HL Deb 14 November 1967 vol 286 cc621-8

4.9 p.m.


My Lords, with your Lordships' permission I should like to repeat a Statement made by the Secretary of State for Foreign Affairs in another place, on South Arabia. The Statement is as follows:

"Since my statement to the House on the 7th November the situation in South Arabia has become more clear.

"In the course of talks between the 7th and 10th November the officers of the South Arabian forces told the High Commissioner that they fully supported the National Liberation Front which they said was in effective control. These officers also said that in areas from which British forces had withdrawn the National Liberation Front was working to maintain a cease-fire. The National Liberation Front themselves claimed at Press conferences on the 8th and 10th November that they were exercising effective control and said that they wanted to enter into negotiations. They also demanded an end to violence against the civil community and called on the population to respect the persons and institutions of the foreign community.

"On the 11th November the National Liberation Front sent me a telegram which they later published. In this telegram they asserted their claim to be a popular authority in control and said they had formed a delegation to negotiate with Her Majesty's Government on the transfer of political power. They asked for our agreement to open negotiations within a week.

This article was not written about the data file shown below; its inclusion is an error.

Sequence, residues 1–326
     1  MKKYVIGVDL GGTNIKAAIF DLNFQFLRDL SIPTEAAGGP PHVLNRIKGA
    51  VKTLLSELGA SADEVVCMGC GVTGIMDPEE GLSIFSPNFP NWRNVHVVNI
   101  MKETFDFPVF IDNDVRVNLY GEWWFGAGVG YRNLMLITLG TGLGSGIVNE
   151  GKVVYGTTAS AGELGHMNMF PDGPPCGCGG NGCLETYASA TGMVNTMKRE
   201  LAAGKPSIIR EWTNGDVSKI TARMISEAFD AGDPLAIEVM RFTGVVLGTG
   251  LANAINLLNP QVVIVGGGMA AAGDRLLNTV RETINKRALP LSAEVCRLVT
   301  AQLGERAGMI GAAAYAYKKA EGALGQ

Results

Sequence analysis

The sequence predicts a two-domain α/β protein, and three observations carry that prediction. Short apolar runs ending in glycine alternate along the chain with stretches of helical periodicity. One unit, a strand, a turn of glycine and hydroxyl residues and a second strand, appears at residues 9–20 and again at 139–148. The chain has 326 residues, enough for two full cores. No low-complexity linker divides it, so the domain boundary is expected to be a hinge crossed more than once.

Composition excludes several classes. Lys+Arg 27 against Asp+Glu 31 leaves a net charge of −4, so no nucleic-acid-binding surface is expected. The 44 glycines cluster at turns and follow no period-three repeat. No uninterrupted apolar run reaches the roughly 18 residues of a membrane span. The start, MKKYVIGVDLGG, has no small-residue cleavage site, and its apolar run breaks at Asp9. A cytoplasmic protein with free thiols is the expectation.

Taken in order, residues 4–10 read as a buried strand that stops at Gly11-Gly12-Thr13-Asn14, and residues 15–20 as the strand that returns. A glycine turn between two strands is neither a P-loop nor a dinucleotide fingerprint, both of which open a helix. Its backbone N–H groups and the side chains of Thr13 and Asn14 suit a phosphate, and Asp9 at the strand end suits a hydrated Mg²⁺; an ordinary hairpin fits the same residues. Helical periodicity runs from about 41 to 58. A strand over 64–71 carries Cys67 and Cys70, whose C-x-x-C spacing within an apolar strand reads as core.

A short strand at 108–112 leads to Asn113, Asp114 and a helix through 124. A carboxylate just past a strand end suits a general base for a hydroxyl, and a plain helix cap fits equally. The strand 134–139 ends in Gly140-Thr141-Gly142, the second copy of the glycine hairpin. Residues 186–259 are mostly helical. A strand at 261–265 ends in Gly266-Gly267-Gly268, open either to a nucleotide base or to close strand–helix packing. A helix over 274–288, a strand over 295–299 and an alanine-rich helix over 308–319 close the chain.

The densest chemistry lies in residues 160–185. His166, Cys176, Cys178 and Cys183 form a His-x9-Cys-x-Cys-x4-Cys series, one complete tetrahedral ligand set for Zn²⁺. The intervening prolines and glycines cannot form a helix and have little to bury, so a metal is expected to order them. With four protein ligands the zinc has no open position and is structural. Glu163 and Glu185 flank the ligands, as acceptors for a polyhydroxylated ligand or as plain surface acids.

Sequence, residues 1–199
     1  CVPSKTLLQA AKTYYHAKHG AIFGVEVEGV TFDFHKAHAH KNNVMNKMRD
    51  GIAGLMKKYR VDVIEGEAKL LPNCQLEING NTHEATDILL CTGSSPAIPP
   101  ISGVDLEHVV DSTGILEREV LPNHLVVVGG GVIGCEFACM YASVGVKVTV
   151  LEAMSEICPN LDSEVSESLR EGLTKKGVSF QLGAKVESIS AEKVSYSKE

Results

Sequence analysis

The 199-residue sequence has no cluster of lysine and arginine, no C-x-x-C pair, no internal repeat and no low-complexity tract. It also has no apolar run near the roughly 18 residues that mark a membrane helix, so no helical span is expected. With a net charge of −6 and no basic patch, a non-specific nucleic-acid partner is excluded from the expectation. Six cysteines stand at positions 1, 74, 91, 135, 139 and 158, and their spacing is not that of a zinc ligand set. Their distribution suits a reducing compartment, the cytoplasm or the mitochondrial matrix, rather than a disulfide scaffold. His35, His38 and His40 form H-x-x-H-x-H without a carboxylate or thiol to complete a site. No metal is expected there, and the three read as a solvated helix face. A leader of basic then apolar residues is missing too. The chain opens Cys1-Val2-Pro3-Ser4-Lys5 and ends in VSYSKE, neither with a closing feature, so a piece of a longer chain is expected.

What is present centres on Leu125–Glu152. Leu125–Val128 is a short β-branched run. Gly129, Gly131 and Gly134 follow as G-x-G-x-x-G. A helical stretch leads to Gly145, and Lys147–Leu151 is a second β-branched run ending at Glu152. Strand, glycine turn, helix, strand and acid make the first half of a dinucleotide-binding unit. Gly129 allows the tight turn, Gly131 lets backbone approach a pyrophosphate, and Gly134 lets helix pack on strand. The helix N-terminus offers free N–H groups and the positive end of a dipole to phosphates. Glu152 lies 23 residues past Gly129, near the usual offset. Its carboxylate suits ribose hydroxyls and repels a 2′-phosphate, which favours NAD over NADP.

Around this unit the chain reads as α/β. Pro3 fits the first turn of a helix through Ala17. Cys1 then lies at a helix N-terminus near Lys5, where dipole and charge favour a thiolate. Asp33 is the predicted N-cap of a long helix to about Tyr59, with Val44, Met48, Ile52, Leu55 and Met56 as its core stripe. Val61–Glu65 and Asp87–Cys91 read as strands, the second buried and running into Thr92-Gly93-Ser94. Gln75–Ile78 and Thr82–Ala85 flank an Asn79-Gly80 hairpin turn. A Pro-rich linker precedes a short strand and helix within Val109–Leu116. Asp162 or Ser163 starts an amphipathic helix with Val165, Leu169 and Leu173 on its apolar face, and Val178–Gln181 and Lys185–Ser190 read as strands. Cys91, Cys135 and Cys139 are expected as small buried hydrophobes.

"I replied immediately agreeing to open negotiations. They have now asked that these begin on or about the 20th November, and I have agreed they will be held in Geneva. My right honourable and noble friend Lord Shackleton, who has a close knowledge of the problems of South Arabia, will lead our delegation.

"On the 2nd November I told the House that by the middle of this month we should fix and announce a precise date for independence and withdrawal. I also said that it might be useful to vary the date a few days one way or the other if this would help us over starting negotiations with an emerging Government. The High Commissioner, through his talks with the South Arabian forces, is at this moment working out arrangements for the negotiations, and Her Majesty's Government have therefore decided, in order to help this process, that South Arabia should become independent and the withdrawal of our forces be completed by the 30th November.